Monday 9 July 2018
Throwing quoits over columns set at different positions and distances away from the player is a traditional game that makes for exciting competition. It also brings to mind all the fun of the fair, along with all the frustration of near misses just when the prize seems in sight.
Taken from Turned Toys by Mark Baker (£16.99, GMC) www.thegmcgroup.com
Tools and materials:
Drive spur and revolving centre
Beading and parting tool
Thin parting tool
Spindle roughing gouge
Abrasives, 120–400 grit
Disc sander (optional)
Random orbital sander (optional)
Gloss or satin paint
This project has three freestanding columns, which can be moved to any position and distance. To make it a nice companion game to the Penguin Skittles, and to reflect the love all children have for snow, I have designed the columns as stylized snowmen.
These snowmen need to be stable and to remain standing when hit by the quoits, so I have given them square bases. The snowmen can be made out of any suitable hardwood, and I used sycamore (Acer pseudoplatanus) once again. It is durable and easy to turn, paint and colour as required.
The rings were problematic in terms of their strength. To create something in solid wood that is not prone to snapping due to short sections of end grain might mean that they become too heavy if you increase the thickness and width of the timber to counter this problem. So, once again I decided to use high-quality, laminated birch-faced ply. It is strong and, because the ply is made of layers of wooden veneers presented at different angles to each other, it won’t break, even in smaller sections, as long as the laminates are orientated in the right direction. Just cut the rings from the face of the ply and the laminates will lie across the ring, giving the ring excellent strength.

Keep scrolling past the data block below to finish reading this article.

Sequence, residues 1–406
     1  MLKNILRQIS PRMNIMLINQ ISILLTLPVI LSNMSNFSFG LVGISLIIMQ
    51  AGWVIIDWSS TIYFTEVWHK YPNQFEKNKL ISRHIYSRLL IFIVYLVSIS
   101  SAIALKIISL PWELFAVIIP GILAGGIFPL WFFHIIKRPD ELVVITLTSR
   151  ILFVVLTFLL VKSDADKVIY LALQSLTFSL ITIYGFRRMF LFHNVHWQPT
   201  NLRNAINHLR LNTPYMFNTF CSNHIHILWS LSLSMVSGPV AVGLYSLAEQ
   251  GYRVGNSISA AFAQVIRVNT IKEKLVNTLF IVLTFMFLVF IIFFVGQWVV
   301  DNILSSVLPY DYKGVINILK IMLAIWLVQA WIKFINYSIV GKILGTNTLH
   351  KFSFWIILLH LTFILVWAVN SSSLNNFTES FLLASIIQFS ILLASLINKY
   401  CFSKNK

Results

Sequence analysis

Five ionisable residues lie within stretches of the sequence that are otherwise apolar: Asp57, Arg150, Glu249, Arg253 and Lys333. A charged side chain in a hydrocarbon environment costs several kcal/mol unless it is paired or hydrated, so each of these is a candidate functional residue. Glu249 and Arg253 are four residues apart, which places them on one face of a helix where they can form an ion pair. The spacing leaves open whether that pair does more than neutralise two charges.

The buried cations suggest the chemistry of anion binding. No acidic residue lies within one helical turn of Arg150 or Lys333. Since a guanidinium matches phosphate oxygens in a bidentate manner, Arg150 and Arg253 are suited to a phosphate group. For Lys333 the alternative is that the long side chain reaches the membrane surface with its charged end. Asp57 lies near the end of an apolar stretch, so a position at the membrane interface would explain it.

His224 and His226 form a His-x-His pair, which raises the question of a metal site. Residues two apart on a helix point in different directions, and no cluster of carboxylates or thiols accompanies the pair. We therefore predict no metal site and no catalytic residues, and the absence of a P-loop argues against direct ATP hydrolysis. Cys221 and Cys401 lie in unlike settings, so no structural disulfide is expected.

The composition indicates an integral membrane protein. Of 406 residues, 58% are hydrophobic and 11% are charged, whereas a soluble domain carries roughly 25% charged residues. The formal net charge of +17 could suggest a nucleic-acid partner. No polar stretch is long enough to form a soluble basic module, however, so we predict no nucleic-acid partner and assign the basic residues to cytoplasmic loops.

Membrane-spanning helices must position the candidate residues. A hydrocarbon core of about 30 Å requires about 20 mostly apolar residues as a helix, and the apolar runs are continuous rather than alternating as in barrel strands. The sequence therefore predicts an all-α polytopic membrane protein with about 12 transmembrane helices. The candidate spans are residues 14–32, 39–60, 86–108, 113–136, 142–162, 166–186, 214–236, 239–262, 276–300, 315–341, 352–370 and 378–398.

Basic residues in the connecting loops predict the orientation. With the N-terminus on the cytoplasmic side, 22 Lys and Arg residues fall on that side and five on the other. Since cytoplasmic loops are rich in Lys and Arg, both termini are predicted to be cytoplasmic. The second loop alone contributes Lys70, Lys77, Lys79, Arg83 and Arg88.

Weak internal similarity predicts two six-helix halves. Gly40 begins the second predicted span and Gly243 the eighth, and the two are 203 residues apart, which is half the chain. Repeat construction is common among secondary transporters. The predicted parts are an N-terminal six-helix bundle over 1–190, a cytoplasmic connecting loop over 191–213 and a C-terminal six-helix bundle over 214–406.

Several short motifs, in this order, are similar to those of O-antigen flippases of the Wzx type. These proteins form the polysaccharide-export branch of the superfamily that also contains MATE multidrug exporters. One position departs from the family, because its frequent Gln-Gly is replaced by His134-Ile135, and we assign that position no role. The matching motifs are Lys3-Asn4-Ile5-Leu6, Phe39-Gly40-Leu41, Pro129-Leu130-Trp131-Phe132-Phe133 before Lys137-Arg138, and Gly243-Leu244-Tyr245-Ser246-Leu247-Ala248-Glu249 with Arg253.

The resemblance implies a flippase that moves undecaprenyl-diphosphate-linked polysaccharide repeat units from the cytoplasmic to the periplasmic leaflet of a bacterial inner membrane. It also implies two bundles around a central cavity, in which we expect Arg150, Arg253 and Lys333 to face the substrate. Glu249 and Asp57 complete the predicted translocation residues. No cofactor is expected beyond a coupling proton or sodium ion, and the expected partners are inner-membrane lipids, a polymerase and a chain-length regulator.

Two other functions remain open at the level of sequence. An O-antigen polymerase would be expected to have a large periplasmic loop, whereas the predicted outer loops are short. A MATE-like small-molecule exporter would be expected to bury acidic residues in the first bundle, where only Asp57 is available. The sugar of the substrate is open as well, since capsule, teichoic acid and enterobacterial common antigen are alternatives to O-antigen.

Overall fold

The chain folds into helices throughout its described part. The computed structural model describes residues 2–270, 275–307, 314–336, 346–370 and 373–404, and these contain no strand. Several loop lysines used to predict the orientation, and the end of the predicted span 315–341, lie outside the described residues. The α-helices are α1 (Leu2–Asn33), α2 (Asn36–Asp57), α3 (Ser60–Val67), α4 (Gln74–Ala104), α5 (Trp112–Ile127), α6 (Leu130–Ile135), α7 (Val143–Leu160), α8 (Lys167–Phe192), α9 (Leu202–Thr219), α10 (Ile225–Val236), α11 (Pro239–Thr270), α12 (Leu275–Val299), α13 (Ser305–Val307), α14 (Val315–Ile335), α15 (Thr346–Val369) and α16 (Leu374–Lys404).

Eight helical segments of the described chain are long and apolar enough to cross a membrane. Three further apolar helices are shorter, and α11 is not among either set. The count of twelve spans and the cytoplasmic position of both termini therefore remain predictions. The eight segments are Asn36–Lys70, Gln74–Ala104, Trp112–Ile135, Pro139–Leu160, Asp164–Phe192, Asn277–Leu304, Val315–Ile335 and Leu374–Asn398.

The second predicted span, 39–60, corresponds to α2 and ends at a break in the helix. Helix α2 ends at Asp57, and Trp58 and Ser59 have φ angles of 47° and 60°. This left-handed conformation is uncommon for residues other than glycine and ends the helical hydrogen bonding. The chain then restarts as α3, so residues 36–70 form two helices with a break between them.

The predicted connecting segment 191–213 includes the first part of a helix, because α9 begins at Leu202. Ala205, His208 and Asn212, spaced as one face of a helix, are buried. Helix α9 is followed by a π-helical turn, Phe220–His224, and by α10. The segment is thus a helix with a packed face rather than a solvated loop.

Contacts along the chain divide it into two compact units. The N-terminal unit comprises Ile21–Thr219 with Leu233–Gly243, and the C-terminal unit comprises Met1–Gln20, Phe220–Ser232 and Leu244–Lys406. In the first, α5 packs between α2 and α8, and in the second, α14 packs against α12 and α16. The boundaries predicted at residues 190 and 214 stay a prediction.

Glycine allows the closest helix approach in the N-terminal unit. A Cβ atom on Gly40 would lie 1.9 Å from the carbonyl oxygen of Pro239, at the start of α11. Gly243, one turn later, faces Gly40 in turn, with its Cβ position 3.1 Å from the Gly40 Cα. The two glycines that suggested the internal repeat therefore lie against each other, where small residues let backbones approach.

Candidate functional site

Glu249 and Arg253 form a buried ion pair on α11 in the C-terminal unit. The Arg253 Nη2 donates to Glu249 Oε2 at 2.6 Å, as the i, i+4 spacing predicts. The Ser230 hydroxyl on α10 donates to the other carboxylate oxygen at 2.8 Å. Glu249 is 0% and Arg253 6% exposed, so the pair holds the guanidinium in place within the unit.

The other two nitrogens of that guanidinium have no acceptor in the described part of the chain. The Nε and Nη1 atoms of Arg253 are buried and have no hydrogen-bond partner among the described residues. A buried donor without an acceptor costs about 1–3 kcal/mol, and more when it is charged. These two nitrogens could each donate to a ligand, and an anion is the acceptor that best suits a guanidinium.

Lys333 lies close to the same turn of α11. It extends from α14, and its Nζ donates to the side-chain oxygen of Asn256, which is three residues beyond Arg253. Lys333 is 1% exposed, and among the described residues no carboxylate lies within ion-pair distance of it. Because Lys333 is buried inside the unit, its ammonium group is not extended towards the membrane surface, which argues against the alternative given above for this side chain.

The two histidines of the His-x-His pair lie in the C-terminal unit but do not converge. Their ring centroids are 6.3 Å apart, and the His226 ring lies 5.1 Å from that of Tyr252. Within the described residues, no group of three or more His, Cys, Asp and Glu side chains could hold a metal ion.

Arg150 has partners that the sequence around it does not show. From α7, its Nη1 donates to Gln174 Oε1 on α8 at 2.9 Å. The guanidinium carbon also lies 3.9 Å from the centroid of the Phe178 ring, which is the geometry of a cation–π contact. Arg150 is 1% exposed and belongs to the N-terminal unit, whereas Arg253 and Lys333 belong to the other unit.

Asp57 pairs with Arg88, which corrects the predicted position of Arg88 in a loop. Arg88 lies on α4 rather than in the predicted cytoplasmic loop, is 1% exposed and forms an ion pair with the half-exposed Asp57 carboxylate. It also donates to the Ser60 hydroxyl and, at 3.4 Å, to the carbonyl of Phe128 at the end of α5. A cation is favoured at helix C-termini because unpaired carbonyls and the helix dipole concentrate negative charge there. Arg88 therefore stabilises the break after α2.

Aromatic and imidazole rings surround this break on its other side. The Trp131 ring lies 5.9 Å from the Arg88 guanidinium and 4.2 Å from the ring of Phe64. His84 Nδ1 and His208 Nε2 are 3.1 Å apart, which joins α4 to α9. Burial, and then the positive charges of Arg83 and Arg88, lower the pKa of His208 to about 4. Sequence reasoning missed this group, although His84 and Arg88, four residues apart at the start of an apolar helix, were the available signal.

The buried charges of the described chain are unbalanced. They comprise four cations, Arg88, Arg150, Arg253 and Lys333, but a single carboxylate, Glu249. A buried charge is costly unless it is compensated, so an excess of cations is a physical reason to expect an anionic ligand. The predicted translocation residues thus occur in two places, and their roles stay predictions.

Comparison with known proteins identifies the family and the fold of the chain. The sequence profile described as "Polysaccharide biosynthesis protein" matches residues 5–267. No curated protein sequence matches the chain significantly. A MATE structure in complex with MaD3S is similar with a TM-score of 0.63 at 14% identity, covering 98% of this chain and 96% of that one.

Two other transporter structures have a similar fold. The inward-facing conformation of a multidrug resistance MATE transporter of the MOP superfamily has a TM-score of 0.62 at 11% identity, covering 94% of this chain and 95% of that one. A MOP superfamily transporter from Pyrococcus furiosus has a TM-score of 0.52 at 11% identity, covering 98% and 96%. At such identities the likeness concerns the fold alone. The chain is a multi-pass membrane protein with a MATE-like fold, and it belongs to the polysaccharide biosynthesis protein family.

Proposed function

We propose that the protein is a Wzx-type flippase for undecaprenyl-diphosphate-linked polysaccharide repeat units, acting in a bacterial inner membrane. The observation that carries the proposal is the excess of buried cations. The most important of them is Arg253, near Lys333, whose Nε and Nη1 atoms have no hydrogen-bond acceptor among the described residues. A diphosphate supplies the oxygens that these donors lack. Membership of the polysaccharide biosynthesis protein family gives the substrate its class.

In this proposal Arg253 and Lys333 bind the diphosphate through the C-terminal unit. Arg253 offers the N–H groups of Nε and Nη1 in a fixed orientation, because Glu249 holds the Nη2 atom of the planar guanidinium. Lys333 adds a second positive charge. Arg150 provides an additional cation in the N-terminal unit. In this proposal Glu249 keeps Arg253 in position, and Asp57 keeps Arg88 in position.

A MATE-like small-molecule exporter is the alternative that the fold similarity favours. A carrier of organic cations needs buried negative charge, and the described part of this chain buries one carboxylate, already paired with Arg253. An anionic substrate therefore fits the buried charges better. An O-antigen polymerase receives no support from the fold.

Instead of turning the throwing rings, you could buy rubber, plastic or rope ones to use instead. These are available from many toy stores and the internet.
Making the snowmen
1 Working with a square section of wood, cut just over length to allow for a spigot to be cut at one end. Mount between centres. Use a beading and parting tool to cut the spigot on the tailstock end to fit your chuck. Then, measure up to the height required for the square, lower section of the snowman. Using a thin parting tool, cut into the square corners and down through them, stopping when you meet the solid inner section.
2 Stop the lathe, remove the wood from the lathe and mount the spigot in the chuck. Use a spindle roughing gouge to block in the shape to the widest diameter required for the snowman, leaving the square base section alone. Note the square shoulders at the lowest part. Be wary of these when working. Once you have a cylinder, make a parting cut where the top of the snowman’s body will be. Cut to a depth that can be deepened later on, but shows clearly where you need to refine the body and head section.
3 Use a spindle gouge to reduce the top section. I am using a pull cut here rather than a push cut. This is crude and may damage the surface, but it removes wood quickly.
4 Measure and mark the position of the head section. Use the spindle gouge to roughly shape the head.
5 Use the beading and parting tool to make a parting cut to the depth of the widest part of the snowman, in line with the mark on the tool rest.